Manready is primarily a retailer of American made goods, although Travis got his start making candles, which remain part of Manready’s product line to this day. But, through collaborations with the likes of American Trench, Brooklyn Circus, Ebbets Field Flannels, Knickerbocker Manufacturing and Richer Poorer, Manready has dipped its toe into the process of bringing interesting new goods to market.

Naturally, I picked up a pair of the socks. The next day, they received their first wearing. And such a joy it was to put them on. They’re made principally of a sturdy cotton and, being navy, they’re  a perfect addition to many varieties of outfit.

Claire Drennan

From time to time, I do a search on Instagram, looking for things that are made in certain U.S. states and cities. One such search, #madeinhouston, yielded some promising results.

I came across a series of scarves and toboggans, made in Houston by an enterprise known as Claire Drennan.

I remember being instantly captivated by her offerings. This was the stuff of pure whimsy, beautifully colored and textured knitwear that seemed as if it would be a perfect addition to a classic wardrobe.

I soon learned that Claire Drennan is the brainchild of one Claire Drennan Jarvis. She spent much of her 20s in South America, where she developed an affection for “the thick, hand spun sheep’s wool from the south and the luxurious and delicate alpaca yarns from the north.”

“I didn’t know how to knit or sew very well at the time,” Claire says, “so I worked with a friend’s mother to create beautiful custom sweaters for my own closet. Back in the states, I took knitting 101 at the Rhode Island School Design and fell in love with the Japanese punch card knitting machines that were produced in the 1970’s. I’ve been honing my skills ever since, learning their tremendous capabilities and innovating around their limitations.”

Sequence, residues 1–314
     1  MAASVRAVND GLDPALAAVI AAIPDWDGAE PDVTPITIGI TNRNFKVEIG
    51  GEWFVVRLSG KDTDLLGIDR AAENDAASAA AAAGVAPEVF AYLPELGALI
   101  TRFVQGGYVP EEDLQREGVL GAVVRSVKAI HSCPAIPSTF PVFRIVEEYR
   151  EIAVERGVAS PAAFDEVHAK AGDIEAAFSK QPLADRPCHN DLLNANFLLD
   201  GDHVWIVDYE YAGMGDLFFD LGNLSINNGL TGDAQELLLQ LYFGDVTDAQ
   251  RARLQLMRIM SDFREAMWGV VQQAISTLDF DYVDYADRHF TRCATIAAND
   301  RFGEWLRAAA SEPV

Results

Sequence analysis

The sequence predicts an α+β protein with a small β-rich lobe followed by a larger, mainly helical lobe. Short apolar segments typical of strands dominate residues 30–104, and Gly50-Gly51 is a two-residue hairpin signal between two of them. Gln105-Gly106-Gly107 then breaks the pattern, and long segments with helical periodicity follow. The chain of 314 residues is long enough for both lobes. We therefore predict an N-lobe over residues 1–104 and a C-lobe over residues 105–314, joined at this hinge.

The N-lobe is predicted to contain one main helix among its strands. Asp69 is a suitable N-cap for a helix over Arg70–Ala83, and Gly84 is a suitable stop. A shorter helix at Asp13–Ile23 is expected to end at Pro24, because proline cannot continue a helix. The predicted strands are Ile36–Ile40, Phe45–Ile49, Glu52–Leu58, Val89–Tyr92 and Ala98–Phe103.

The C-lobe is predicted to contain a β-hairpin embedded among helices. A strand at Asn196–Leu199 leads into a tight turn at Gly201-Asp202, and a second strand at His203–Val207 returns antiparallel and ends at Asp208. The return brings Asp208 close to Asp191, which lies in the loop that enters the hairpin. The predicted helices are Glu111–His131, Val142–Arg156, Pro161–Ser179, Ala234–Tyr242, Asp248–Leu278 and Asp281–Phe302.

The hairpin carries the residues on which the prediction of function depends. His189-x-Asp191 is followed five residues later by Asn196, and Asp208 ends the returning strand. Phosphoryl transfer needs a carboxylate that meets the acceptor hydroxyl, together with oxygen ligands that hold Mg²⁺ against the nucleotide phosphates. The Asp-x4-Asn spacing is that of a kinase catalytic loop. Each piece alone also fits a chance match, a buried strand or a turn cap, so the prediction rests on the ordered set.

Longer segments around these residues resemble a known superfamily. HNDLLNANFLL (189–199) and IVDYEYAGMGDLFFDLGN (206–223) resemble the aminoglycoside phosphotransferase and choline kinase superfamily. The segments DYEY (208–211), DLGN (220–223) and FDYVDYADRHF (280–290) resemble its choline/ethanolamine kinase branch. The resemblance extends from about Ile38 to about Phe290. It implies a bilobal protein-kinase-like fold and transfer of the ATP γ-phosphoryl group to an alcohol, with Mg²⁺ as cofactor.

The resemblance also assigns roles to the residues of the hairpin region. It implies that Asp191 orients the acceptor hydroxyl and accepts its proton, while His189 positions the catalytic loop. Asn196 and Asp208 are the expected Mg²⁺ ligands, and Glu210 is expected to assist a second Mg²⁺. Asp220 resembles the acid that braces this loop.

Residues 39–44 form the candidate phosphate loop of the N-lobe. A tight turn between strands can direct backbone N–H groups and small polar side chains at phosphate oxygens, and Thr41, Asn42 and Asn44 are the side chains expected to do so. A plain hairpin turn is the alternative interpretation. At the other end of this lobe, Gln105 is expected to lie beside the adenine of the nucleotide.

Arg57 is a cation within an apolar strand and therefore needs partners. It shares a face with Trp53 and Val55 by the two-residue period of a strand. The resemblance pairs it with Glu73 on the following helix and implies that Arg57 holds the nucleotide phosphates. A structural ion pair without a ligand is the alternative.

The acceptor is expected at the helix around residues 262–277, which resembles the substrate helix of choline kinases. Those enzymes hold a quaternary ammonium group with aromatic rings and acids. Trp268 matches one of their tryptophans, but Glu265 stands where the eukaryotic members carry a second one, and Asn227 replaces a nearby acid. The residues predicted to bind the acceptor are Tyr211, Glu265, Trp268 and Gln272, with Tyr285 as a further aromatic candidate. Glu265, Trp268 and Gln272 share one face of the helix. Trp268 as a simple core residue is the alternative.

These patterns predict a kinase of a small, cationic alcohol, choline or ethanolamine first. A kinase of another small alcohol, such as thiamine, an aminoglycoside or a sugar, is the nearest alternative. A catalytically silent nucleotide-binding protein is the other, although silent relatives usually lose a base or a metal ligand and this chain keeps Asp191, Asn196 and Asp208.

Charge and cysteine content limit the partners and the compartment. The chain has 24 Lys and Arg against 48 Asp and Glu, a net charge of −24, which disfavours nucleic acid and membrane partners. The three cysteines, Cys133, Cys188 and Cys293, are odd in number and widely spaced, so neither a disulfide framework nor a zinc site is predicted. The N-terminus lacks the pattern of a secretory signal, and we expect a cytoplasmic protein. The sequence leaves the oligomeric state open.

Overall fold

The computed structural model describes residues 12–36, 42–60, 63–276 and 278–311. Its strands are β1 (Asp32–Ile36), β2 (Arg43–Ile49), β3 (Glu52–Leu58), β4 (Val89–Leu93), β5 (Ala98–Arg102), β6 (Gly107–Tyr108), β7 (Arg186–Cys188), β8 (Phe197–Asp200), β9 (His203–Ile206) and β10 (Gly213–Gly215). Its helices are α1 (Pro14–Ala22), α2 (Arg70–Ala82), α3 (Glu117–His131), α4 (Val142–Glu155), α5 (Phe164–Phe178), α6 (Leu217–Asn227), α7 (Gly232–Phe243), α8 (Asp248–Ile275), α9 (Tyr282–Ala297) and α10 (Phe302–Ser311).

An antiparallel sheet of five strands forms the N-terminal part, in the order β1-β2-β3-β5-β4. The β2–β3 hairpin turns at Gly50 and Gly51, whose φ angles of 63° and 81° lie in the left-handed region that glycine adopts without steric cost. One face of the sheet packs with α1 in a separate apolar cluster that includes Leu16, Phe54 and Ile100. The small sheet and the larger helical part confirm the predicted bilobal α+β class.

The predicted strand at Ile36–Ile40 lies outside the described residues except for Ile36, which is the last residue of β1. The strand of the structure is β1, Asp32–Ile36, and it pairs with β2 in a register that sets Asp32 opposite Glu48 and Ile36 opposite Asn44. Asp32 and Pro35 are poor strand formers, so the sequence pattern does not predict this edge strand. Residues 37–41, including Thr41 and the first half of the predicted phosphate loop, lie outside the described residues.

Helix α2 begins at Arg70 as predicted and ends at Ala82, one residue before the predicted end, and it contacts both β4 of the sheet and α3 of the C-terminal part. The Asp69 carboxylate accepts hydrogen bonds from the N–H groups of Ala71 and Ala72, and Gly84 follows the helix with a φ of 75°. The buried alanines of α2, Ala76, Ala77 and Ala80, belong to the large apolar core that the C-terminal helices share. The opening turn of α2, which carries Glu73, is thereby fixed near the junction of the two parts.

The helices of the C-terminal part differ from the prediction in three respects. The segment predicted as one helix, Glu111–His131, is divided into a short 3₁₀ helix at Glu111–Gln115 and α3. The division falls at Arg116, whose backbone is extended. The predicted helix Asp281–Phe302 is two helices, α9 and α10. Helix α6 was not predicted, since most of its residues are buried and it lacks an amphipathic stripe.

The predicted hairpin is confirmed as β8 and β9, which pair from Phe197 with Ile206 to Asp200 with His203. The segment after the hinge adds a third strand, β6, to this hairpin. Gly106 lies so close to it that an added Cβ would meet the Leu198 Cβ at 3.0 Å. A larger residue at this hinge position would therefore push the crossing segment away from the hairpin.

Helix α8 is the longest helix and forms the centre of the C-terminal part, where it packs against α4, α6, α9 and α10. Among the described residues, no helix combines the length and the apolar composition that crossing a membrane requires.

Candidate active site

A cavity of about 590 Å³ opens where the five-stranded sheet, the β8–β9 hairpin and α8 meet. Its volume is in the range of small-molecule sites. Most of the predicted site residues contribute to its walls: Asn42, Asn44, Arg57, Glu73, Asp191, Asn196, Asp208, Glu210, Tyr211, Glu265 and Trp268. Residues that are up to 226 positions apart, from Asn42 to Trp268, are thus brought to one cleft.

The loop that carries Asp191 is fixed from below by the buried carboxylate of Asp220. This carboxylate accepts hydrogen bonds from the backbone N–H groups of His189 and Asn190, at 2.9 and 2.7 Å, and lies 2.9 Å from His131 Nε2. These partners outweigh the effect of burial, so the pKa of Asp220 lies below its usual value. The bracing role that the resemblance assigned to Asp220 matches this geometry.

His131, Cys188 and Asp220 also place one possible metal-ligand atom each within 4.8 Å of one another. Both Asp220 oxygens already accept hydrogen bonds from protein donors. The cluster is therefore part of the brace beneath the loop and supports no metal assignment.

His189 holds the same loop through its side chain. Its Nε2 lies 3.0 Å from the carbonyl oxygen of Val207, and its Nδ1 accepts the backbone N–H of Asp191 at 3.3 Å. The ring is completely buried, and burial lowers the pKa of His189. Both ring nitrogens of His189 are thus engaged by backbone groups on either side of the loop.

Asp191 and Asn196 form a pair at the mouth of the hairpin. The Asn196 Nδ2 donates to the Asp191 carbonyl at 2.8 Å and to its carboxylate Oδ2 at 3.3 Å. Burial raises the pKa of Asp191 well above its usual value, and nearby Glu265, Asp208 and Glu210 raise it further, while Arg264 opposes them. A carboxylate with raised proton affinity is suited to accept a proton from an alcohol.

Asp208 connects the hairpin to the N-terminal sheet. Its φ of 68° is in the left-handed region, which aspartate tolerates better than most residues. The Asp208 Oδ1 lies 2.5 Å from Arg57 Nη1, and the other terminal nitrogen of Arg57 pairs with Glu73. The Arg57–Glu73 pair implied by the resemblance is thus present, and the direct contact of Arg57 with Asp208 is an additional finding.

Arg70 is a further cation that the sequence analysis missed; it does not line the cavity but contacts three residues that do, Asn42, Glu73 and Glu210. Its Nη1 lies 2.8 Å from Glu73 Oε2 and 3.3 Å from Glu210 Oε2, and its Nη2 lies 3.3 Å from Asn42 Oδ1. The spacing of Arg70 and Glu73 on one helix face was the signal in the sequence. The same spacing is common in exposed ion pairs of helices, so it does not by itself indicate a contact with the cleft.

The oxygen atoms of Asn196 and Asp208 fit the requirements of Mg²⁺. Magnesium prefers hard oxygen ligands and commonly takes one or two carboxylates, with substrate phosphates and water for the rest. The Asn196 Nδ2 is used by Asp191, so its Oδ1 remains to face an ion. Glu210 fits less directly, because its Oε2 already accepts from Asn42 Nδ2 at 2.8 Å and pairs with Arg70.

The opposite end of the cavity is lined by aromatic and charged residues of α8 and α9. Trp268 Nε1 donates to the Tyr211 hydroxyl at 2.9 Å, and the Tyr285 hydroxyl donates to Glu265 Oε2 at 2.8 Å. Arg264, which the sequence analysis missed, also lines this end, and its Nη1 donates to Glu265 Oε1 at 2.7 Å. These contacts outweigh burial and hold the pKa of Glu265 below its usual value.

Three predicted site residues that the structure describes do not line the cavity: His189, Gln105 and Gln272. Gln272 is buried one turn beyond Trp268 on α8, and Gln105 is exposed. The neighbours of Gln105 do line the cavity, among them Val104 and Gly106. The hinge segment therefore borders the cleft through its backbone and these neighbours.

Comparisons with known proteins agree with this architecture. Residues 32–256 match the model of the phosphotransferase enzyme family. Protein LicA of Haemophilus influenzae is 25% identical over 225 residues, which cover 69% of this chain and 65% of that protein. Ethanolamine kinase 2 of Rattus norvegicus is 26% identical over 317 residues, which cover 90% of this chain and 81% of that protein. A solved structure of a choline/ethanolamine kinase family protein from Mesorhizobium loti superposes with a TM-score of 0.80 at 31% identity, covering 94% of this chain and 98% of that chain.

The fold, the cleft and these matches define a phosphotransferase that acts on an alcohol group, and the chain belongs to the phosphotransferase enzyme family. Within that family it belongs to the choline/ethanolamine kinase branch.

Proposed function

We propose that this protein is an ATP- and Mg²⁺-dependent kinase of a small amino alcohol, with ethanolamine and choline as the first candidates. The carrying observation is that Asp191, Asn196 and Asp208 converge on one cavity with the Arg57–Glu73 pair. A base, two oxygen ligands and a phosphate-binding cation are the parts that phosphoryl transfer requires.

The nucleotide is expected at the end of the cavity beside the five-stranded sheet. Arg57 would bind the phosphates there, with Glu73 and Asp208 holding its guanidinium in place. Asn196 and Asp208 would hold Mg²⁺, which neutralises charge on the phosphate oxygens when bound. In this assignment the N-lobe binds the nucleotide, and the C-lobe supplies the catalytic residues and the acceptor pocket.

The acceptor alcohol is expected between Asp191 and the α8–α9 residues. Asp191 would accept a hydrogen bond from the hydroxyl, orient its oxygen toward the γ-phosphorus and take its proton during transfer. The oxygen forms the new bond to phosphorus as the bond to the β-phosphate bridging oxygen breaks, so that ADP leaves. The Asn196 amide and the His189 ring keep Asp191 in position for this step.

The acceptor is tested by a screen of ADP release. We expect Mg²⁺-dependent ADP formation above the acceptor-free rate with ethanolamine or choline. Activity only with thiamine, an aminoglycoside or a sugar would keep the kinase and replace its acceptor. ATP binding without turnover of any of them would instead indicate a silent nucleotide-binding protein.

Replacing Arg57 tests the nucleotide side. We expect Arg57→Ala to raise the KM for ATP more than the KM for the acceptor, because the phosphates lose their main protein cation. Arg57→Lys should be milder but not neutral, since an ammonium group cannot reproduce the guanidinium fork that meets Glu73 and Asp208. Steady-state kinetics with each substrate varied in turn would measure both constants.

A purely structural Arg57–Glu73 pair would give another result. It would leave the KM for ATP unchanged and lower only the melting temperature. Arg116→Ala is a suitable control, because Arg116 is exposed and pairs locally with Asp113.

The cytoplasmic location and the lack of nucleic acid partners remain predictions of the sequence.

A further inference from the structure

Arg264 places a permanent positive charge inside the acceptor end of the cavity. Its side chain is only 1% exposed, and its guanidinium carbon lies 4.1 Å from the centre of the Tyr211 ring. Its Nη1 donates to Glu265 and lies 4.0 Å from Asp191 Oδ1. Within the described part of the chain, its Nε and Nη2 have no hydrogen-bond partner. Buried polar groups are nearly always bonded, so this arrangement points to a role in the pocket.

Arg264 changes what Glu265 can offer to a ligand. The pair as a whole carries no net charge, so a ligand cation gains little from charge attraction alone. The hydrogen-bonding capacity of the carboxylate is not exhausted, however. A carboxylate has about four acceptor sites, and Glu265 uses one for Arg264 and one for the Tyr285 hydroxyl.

Her enterprise has only been a going concern since late last year.

She places an emphasis on slow, sustainable fashion, with a process that produces zero waste. “Slow fashion is a tough business model to crack,” she says. “People don’t realize that only a small percentage of the price of an item they buy at retail is allotted for materials and labor. Each piece I make has many hours or research and development, where both design and production are considered.”

In her own words: “The challenge is to make smart, elegant designs that can be produced efficiently and consistently.”

I purchased one of Claire’s scarves at the Launch pop-up in Houston. Sadly, Claire wasn’t there at the time.

Claire’s wares at the Launch popup

The scarf, made of a luxurious double knit merino wool, takes, under optimal conditions, about four hours to produce. A small glitch can add to that total.

“The beauty of this particular design is that the front and back are different, with stripes on ones side and circles on the other,” Claire says. “Not only this, but the center of the scarf is the inverse of the same design! This effect is achieved through the use of a very old computer that uses no electricity and reads punch cards. A knitting machine is like a 3-D printer, making layer after layer. Each row of knitting represents an instance when I manually moved the knitting carriage across a bed of latch-hook needles, changing colors as needed to create the desired effect.”

Claire’s first collection, called “carrots,” has an interesting aesthetic genesis, inspired by a children’s book her family used to read. “The book features animals snuggled in their homes against a snowy landscape,” she says. “I was inspired by the soft, warm color palette and the idea of little bubbles of warmth.”

I can’t say enough good things about this scarf. It is exceptional in every way.